He summed up by sayisQg: "I
think generally speaking it will
give an opportunity for the lead-
ers of the men who are committed
to battle in Viet Nam to meet and
explore ways of finding peace, for
bringing an end to the zonflict,
for making that area of the world
prosperous and peaceful in the
years to come.
"The invitation, as you know,
was extended by other countries.
I am sure that they will have
some specific plans to suggest.
"I want to be a good listener as
well as an active participant."
All the countries contributing
military help to the allied cause
in Viet Nam are sending their
chiefs of state to Manila. Malay-
sia is the one country on the trip
which will not be represented,
lacking a military commitment in
Sounds Out Diplomats
On Signs of Interest
In Promoting Peace
British Labor Party Revolts,
Attack Wilson's Viet Policies
BRIGHTON, England 0P-Two gressor and his victim on an equal few minutes before they were
former Cabinet ministers led Brit- footing which makes the proposals taken Brown had advised the 1,250
ish Laborites into rebellion yester-;uncetb."dlgastoretthm
day against Prime Minister Harold unacceptable." delegates to reject them.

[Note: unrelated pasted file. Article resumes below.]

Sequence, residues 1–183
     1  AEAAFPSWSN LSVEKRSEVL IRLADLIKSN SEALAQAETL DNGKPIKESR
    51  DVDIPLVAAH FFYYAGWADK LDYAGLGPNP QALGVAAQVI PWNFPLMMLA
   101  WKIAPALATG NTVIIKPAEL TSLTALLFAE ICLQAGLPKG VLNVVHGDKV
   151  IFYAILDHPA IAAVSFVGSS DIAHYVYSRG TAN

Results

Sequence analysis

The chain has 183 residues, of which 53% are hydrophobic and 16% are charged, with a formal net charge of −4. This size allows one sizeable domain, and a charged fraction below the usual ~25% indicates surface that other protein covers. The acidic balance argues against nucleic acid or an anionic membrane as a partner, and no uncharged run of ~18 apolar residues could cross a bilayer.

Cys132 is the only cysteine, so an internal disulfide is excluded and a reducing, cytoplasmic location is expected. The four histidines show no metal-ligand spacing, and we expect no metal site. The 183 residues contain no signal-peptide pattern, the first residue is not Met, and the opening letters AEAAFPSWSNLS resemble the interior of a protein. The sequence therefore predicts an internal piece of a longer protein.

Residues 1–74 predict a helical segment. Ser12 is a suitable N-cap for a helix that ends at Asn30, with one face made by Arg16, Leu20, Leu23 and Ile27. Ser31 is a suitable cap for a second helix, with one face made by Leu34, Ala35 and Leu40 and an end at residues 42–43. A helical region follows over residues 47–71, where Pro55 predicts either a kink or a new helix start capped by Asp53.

Wilson-winning votes by de- Brown's program, which he said In Britain governments of the
manding embarrassing changes in' he would urge on U.S. Secretary of day are not bound to obey-only
his Vietnam and defense policies. State Dean Rusk and Soviet For- to be guided by-decisions of the
UNITED NATIONS, N.Y.
Secretary of State Dean
made new efforts yesterday to But the British leader is certain eign Minister Andrei A. Gromyko
sound out Communist diplomats to shrug aside the demands of his after he reaches the United Na-
on anysignCofminerstdinpo Labor party's annual convention, tions today, includes a call for a
on any signs of interest in pro- knowing if he met them his gov- peace parley as soon as possible at
Nam. There were no indications ernment would soon be in serious which the Viet Cong would have
Nfscm.hr rn dconflict with President Johnson's a place.